Virginia Regulatory Town Hall
Department of Professional and Occupational Regulation
Board for Professional Soil Scientists, Wetland Professionals, and Geologists
Regulations for the Geology Certification Program [18 VAC 145 ‑ 40]
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8/17/23  11:08 am
Commenter: Sarah Stinger

Virginia Certified PG program

Virginia Certified Professional Geologists (PGs) serve a vital function in many fields, including in my field of groundwater contamination investigation/remediation. 

PGs with a working knowledge of Virginia geology are critical to public safety because PGs have the unique skill set to evaluate geologic conditions conducive (or conversely dangerous) for road cuts, tunnels, excavations, dams, etc) and can mitigate property damage/injury related to karst features such as sinkholes. 

With our recent understanding of the high toxicity of per- and poly-fluorinated alkyl substances (PFAS) and their high mobility in groundwater, the need is clear for Virginia Certified PGs to be involved in environmental assessments to protect groundwater sources used for drinking water supplied to Virginia residents and businesses. The fact is, most Professional Engineers do not have the background and experience to technically evaluate the complexities of contaminant fate and transport to be protective of groundwater aquifers. 

The Virginia Department of Environmental Quality employs many Virginia Certified PGs. And Virginia stands out as an early leader in the formation of the well-regarded Association of State Boards of Geology who now administers the national PG exam through states like Virginia.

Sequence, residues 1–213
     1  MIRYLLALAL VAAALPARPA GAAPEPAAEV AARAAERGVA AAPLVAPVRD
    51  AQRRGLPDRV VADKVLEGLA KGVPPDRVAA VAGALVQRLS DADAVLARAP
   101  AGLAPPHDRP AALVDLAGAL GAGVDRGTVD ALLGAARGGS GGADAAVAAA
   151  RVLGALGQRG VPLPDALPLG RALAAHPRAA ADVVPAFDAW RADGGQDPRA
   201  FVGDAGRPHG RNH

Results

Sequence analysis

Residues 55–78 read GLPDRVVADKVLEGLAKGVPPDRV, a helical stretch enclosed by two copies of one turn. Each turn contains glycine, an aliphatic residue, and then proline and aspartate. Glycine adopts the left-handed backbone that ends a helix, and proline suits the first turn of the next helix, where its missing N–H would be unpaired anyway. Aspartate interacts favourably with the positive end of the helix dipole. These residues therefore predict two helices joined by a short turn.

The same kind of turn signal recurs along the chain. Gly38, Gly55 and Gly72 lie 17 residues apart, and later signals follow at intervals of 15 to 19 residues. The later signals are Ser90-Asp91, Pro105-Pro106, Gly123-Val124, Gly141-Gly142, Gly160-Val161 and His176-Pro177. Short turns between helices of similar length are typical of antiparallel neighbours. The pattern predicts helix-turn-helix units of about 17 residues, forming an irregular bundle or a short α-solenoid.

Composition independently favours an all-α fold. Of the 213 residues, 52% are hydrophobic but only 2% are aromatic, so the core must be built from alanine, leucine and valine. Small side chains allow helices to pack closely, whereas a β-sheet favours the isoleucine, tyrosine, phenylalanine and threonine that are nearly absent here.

While Virginia unfortunately is among some states that have a voluntary PG program (voluntary meaning persons practicing geology in Virginia are NOT required to hold a Virginia Certified PG license), state licensure of PGs provides individuals, businesses and regulators assurances that the person practicing in the many fields of geology (hydrogeology, mining geology, engineering geology, geochemistry, geophysics, etc.) have a baseline of necessary training and experience. 

And having served on the Virginia Board for Geology for 8 years, I know the program is self-funded such that it represents no additional cost to Virginia taxpayers. And being a voluntary program, it represents zero negative impact on commerce, except perhaps to entities who would selfishly benefit (financially or politically) from elimination of the program.

For these reasons, there exists no reasonable rationale to eliminate the self-funded, voluntary Virginia Certified PG program. 


CommentID: 218862